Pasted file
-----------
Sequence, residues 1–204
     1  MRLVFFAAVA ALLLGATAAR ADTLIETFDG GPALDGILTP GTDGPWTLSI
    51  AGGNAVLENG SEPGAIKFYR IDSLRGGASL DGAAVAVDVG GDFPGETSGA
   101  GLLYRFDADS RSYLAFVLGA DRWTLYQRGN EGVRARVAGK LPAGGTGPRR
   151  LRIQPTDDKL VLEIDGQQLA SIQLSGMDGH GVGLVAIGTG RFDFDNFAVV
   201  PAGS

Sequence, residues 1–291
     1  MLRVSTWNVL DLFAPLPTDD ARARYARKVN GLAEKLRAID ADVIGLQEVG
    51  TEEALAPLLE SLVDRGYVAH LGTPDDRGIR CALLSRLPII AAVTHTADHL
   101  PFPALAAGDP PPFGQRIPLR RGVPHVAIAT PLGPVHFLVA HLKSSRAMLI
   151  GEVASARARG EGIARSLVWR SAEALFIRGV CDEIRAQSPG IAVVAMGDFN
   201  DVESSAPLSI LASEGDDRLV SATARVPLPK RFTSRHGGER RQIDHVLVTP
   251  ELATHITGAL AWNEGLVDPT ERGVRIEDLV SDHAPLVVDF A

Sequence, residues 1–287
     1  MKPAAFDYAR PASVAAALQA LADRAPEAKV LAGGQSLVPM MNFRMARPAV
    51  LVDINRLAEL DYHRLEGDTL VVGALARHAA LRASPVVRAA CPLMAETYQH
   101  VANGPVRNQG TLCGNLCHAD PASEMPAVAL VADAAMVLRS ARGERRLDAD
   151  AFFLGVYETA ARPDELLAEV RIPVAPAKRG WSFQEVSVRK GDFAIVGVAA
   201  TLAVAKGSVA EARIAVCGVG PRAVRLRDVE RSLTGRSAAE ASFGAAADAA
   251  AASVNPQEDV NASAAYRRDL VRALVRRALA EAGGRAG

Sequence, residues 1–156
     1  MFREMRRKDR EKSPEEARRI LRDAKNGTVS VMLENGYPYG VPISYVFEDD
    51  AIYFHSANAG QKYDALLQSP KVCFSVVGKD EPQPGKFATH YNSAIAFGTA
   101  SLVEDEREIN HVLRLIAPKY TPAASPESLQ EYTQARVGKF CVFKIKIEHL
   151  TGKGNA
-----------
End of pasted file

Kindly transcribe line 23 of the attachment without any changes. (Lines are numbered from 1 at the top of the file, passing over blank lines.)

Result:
    51  AIYFHSANAG QKYDALLQSP KVCFSVVGKD EPQPGKFATH YNSAIAFGTA